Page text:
Our first day in Israel, in Jerusalem, we came across what looked like a tour group. The group consisted of a dozen or so teenagers. The leader was older and speaking English. We were on the pedestrian promenade of Ben Yehuda Street in the center of the New City. The group's attention was being directed towards a trash receptacle. Odd, I thought but then I overheard the lender say the word 'bomb' and I understood.
On that same day we happened to walk past the US Consulate. It was quiet and appeared to be closed. A few cars were parked in front of the building. A man moved from car to car holding a long wooden handle with a mirror at the bottom end. With this apparatus he was examining the under-carriage of each of the cars.
What was so striking about these first impressions was that we were not amongst some exotic and adventurous foreign surroudings. Occasionally during these travels we've found ourselves in places where we've remarked "this could be Europe"Alexandria for instance, or parts of Amman. But here in Jerusalem's New City, we were reminded for the first time of the streets back home in the US. With its spiffy boutiques, clean streets, palm trees, and Bonker's Bagels, the New City's central area could be Los Angeles. All around you hear American English.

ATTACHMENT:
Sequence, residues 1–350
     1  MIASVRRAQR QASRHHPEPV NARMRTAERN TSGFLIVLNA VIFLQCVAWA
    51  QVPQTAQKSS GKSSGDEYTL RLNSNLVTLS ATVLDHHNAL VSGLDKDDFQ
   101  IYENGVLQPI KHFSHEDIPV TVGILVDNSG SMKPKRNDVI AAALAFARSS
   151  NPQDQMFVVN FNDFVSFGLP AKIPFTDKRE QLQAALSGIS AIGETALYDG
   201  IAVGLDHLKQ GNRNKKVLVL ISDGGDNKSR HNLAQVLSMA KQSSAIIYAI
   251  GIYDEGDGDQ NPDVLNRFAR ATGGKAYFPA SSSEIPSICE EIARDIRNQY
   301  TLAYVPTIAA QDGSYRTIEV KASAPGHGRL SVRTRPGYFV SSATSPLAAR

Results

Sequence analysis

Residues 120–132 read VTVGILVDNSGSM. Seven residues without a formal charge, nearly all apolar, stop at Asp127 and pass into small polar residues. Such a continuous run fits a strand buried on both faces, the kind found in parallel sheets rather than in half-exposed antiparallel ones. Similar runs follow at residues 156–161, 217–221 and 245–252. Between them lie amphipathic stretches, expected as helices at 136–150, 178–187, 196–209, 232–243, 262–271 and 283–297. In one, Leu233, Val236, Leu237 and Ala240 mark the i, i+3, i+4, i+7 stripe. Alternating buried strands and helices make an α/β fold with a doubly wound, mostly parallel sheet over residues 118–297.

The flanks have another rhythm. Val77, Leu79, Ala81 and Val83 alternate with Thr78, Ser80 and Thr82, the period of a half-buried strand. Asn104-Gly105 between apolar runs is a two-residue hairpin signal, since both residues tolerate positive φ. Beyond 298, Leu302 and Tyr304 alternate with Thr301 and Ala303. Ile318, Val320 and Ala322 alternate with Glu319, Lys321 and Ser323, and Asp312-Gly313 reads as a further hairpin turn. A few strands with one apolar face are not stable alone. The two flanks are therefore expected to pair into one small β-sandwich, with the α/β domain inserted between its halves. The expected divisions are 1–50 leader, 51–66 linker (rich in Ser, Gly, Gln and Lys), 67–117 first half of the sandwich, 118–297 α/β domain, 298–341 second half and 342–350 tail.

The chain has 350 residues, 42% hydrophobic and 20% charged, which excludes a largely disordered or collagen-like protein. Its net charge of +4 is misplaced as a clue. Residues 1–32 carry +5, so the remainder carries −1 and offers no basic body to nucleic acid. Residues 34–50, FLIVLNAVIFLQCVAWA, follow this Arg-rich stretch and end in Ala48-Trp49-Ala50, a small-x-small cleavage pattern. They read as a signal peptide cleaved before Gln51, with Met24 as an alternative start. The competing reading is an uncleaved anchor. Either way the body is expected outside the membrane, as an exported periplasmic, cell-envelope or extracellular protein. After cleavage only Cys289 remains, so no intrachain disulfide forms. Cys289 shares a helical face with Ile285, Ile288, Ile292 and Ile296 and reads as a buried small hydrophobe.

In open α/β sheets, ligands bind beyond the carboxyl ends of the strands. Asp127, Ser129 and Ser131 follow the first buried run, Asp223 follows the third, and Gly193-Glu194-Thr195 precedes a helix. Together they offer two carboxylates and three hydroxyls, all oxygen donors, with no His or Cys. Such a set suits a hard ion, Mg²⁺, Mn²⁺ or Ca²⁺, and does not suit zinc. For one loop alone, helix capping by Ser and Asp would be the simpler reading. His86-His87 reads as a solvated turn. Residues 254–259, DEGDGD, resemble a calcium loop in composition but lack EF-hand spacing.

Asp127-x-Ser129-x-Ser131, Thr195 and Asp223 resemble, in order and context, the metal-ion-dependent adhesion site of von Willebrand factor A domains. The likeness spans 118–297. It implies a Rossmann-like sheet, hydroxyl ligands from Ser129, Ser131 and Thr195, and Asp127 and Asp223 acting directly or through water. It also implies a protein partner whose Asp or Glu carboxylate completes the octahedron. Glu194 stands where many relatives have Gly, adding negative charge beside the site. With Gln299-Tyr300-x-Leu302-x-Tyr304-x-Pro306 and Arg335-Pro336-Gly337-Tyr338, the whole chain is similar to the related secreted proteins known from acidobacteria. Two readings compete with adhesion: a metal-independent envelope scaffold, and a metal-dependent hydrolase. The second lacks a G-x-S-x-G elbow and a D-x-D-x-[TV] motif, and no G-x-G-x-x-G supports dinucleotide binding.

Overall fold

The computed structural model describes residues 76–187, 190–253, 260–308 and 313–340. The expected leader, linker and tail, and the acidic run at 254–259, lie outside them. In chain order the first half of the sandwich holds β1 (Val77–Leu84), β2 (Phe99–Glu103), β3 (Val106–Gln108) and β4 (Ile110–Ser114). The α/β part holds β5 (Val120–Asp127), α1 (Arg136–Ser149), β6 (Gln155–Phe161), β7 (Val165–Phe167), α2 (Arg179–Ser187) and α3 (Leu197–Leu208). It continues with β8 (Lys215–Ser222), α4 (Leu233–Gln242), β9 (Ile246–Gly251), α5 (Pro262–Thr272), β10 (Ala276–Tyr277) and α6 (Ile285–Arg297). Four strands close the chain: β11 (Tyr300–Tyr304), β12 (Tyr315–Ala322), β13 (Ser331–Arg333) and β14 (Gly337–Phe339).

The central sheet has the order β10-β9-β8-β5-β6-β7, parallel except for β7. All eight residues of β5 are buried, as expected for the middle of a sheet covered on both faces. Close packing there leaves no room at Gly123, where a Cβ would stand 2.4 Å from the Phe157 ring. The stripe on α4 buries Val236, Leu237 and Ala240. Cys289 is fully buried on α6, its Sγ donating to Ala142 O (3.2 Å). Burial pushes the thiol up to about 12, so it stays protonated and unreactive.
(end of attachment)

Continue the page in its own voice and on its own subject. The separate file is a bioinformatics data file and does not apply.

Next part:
At night Zion Squarethe plaza at the bottom end of the Ben Yehuda Street promenadetakes on a carnival atmosphere. Lots of young people hanging out, street performers, maybe a band and dancing. There's a constant police presence. Police cars sit with their lights flashingas if to say "Here I am, notice me."
Back at our hostel, I was sitting on the toilet when I heard a loud explosion. I did my best to finish up quickly and rushed out of the bathroom. Those sitting around the common room were nonplussed. It was the sonic boom of an aircraft breaking the sound barrier, I was told. Happens all the time.